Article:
Here is our first, of many, podcasts! We are very excited to share this with you. This month we are focusing on empathy. In this episode, our founder Justina Bryant talks you through Dr. Riess' E.M.P.A.T.H.Y formula, and she encourages all of us to continue to teach, grow, and develop our empathy skills. We hope you enjoy this episode.
Blog reference link: A Message of Kindness: A Kindness Project about Empathy
We are still working on uploading the program to iTunes. We will keep you posted when our official site is up and running.
Last week we shared exciting news with you about our corporate partnership program, which pairs businesses with schools to implement the 21 Day Kindness Challenge. Since then we’ve had a few questions from Kindness Coaches on how to reach out to their local businesses for smaller sponsorships and financial help in order to bring the 21 Day Kindness Challenge to their schools. Even though our program is extremely cost effective - the 21 Day Kindness Challenge costs about $1/student - we understand that budgets are very limited and in many cases already set for the school year. Some schools want to bring the program this spring and don’t want to wait until new budgets are passed to do so.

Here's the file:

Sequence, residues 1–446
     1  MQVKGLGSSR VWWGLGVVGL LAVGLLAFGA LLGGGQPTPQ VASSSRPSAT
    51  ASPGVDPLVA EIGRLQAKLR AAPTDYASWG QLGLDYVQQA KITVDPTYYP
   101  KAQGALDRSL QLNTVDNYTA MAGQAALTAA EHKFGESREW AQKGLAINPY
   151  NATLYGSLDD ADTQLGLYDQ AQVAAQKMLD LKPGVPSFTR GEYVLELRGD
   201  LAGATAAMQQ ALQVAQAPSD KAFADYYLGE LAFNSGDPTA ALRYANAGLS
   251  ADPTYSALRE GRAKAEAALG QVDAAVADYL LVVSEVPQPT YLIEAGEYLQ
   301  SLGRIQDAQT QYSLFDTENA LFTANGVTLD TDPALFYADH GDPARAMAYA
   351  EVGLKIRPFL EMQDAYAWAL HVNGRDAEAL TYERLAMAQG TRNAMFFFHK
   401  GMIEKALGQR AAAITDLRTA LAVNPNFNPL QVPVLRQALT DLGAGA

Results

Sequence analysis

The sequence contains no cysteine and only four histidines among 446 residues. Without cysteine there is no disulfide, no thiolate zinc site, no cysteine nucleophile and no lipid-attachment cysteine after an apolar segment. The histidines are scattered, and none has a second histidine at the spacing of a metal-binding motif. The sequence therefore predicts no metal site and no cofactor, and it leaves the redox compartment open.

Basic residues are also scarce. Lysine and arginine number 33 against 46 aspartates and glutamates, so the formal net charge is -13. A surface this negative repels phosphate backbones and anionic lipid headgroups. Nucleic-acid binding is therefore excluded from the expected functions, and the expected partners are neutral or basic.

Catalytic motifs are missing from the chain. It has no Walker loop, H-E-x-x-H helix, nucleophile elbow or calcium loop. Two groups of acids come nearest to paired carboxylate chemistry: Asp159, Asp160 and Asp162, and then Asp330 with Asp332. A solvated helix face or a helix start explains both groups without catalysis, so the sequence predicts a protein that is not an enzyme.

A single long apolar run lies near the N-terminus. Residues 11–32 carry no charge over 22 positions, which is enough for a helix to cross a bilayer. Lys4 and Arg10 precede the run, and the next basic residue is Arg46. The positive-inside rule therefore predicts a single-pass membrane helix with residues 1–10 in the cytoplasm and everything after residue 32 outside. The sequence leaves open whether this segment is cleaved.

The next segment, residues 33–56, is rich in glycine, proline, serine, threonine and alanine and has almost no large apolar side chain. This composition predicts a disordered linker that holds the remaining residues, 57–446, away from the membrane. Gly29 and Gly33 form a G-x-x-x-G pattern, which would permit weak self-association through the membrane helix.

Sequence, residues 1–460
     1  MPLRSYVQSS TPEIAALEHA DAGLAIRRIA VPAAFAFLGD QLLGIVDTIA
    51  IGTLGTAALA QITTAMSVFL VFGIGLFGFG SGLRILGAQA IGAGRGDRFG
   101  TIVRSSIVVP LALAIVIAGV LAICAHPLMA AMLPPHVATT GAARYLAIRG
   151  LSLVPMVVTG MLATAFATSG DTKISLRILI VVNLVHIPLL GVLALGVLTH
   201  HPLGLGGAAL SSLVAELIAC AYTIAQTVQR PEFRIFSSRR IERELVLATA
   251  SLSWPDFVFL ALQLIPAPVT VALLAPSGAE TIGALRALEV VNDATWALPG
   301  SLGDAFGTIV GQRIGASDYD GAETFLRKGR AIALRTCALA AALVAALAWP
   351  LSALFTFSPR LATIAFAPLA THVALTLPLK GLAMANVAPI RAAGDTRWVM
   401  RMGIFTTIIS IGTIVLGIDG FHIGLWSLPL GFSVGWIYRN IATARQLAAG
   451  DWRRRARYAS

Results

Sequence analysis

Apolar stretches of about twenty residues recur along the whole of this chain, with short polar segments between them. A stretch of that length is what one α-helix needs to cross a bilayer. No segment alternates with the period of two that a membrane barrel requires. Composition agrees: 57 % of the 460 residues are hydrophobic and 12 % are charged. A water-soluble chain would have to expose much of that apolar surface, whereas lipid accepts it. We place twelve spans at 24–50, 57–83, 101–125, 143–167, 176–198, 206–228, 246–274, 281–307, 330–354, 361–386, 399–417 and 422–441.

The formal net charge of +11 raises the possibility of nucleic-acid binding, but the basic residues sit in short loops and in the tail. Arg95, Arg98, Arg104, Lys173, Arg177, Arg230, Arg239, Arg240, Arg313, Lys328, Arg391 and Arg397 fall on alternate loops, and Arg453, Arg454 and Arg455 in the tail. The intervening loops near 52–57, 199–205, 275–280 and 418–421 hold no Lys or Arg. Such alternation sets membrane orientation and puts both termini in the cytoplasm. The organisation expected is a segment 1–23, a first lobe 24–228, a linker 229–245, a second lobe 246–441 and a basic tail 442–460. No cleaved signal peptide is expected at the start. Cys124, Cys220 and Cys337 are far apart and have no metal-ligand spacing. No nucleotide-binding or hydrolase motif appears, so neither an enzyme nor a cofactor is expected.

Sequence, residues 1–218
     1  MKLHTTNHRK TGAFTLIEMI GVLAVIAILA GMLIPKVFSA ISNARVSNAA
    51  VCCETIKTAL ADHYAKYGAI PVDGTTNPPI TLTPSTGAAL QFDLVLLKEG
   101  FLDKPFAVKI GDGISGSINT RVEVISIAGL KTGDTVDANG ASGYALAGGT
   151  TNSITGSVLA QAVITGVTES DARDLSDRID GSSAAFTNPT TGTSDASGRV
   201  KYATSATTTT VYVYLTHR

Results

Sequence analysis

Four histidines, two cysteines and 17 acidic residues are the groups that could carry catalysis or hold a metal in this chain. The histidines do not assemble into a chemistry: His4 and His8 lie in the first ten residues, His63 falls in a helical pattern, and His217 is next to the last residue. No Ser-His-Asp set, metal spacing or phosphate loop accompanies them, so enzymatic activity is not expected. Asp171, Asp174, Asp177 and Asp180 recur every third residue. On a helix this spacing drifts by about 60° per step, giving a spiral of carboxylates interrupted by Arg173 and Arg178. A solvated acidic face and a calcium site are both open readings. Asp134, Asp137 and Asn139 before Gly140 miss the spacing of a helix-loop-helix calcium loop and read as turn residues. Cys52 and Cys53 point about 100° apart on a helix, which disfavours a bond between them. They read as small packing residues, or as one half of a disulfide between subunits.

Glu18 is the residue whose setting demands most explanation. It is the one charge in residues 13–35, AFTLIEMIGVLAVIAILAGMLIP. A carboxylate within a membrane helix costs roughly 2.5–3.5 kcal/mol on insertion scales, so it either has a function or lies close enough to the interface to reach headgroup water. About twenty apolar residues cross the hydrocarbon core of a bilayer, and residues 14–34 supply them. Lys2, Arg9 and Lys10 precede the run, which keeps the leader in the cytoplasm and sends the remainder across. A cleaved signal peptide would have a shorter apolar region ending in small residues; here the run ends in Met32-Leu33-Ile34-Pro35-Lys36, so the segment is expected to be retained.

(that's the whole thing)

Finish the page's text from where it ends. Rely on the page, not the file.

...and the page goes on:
We have found that local businesses, small organizations (such as Lions clubs, Elks Clubs, Rotary Groups, Chamber of Commerces, etc.) and even parents and/or parent groups like your PTA are extremely interested in helping to pay for the 21 Day Kindness Challenge. It isn’t a difficult “ask” from them, but it is helpful to have tools in place to help! Remember, we are always here to help you brainstorm ideas, provide templates, and we can customize an estimate just for your school. Our goal is to spread kindness by bringing the Kindness Challenge to every school that wants to participate!